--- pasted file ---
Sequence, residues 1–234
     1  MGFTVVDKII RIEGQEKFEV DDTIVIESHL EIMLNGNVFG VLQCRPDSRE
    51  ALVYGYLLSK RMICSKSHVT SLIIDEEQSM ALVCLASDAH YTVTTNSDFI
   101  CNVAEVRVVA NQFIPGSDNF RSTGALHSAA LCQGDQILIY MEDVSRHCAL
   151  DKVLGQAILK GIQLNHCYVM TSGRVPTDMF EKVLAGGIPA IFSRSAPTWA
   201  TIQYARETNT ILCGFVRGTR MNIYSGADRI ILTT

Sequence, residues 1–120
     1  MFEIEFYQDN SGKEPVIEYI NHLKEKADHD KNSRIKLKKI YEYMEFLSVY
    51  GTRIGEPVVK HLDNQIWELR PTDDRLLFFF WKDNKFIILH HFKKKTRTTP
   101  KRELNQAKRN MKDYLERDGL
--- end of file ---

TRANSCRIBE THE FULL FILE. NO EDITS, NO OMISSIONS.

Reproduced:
Sequence, residues 1–234
     1  MGFTVVDKII RIEGQEKFEV DDTIVIESHL EIMLNGNVFG VLQCRPDSRE
    51  ALVYGYLLSK RMICSKSHVT SLIIDEEQSM ALVCLASDAH YTVTTNSDFI
   101  CNVAEVRVVA NQFIPGSDNF RSTGALHSAA LCQGDQILIY MEDVSRHCAL
   151  DKVLGQAILK GIQLNHCYVM TSGRVPTDMF EKVLAGGIPA IFSRSAPTWA
   201  TIQYARETNT ILCGFVRGTR MNIYSGADRI ILTT

Sequence, residues 1–120
     1  MFEIEFYQDN SGKEPVIEYI NHLKEKADHD KNSRIKLKKI YEYMEFLSVY
    51  GTRIGEPVVK HLDNQIWELR PTDDRLLFFF WKDNKFIILH HFKKKTRTTP
   101  KRELNQAKRN MKDYLERDGL